On the roadside, we saw a lot of dead bodies, unlucky fellows who died just a few days before the end. There was an awful smell. Some corpses showed signs of torture before death. The wrists and ankles were bound, and the mouth gagged. Others had ugly wounds in their bellies, which proved they had hand-to-hand fighting. Most of the bodies were rotting, and there was no one to even give them a decent grave. The sun was scorchingly hot by now, and I was getting dizzy with the heat. Tony Nieva was trying hard to walk… despite his malaria. Godo Reyes was still going strong… but I noticed that Ernie was weakening.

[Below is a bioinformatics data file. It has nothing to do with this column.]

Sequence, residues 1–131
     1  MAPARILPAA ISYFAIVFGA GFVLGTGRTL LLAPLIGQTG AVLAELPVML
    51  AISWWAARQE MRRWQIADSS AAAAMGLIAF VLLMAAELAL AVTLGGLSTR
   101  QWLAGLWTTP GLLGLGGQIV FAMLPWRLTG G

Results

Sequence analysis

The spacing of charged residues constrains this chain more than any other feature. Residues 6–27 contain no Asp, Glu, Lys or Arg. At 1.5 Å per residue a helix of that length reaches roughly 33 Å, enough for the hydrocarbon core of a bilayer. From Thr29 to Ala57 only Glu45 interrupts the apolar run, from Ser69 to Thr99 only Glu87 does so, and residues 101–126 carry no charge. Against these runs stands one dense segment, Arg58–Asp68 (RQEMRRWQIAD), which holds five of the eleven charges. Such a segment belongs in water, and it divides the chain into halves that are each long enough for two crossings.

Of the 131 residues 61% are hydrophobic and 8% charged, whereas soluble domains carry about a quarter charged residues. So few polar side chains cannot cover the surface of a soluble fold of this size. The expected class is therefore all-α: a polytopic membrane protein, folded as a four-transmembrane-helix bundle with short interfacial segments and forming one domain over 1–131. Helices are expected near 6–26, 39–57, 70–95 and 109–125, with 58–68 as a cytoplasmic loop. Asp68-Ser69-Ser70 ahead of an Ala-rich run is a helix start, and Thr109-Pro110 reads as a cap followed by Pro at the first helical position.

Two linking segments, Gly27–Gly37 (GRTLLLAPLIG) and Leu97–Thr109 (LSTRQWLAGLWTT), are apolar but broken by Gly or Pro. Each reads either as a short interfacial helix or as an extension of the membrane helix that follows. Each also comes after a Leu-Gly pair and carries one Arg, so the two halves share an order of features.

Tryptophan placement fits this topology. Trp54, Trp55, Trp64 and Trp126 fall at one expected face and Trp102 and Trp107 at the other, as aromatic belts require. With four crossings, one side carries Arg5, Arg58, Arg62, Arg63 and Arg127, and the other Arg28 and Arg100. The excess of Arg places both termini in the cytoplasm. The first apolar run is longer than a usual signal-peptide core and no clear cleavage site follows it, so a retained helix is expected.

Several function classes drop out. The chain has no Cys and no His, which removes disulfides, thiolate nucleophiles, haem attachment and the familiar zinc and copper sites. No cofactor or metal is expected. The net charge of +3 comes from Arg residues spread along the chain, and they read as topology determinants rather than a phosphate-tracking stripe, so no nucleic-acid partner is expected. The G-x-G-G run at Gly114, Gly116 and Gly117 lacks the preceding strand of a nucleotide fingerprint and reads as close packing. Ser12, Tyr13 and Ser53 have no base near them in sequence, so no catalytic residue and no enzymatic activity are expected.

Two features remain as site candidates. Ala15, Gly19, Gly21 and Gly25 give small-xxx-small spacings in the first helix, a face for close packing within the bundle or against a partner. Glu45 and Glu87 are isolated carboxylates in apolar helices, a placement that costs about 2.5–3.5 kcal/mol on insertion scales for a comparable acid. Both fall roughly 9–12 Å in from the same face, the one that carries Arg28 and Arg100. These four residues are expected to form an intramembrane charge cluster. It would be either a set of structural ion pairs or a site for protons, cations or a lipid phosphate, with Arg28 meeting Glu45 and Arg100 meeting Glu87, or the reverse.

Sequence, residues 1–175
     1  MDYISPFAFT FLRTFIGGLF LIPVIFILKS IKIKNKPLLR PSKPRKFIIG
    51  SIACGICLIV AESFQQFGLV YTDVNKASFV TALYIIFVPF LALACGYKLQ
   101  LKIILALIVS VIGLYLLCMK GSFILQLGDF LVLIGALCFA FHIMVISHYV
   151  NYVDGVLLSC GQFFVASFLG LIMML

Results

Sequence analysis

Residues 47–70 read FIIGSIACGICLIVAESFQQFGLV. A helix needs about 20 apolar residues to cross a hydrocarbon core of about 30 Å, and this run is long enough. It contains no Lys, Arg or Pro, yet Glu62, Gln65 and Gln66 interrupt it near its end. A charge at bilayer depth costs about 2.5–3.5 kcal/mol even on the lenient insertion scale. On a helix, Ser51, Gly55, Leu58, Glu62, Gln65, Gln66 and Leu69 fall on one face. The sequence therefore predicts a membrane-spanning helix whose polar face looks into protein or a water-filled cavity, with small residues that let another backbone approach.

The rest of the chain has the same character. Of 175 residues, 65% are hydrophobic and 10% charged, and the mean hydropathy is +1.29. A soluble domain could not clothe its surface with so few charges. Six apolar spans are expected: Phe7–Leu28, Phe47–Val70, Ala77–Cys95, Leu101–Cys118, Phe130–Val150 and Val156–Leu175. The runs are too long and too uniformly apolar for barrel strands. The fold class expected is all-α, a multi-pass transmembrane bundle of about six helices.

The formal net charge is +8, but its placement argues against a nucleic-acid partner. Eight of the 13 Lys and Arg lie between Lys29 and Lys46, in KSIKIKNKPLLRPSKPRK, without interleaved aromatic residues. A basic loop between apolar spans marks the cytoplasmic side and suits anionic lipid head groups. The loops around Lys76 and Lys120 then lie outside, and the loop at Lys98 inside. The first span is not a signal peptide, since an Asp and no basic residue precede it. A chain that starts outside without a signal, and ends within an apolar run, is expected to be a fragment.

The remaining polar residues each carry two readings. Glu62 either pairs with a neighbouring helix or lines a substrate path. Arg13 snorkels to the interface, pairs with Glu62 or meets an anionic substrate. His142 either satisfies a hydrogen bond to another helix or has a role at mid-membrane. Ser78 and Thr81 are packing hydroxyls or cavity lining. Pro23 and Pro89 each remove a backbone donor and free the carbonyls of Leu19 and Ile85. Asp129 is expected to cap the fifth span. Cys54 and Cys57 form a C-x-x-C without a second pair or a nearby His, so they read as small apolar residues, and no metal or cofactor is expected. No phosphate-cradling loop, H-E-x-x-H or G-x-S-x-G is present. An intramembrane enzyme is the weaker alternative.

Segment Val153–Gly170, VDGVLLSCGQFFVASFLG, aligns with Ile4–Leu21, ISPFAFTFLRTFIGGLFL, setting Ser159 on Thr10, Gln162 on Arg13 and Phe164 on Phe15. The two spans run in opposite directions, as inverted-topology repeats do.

Twelve of us took off three at a time; we gained altitude slowly, here and there picking up other squadrons, punctual at the meeting points, progressively coming in to join us, taking up position on either side, above and below so that we formed the point of an enormous arrow of about 250 fighters. All 2 Group had sent their squadrons – Northolt, Hornchurch, Kenley, Hawkinge, the Poles, the Czechs, the famous American Eagle Squadron, etc.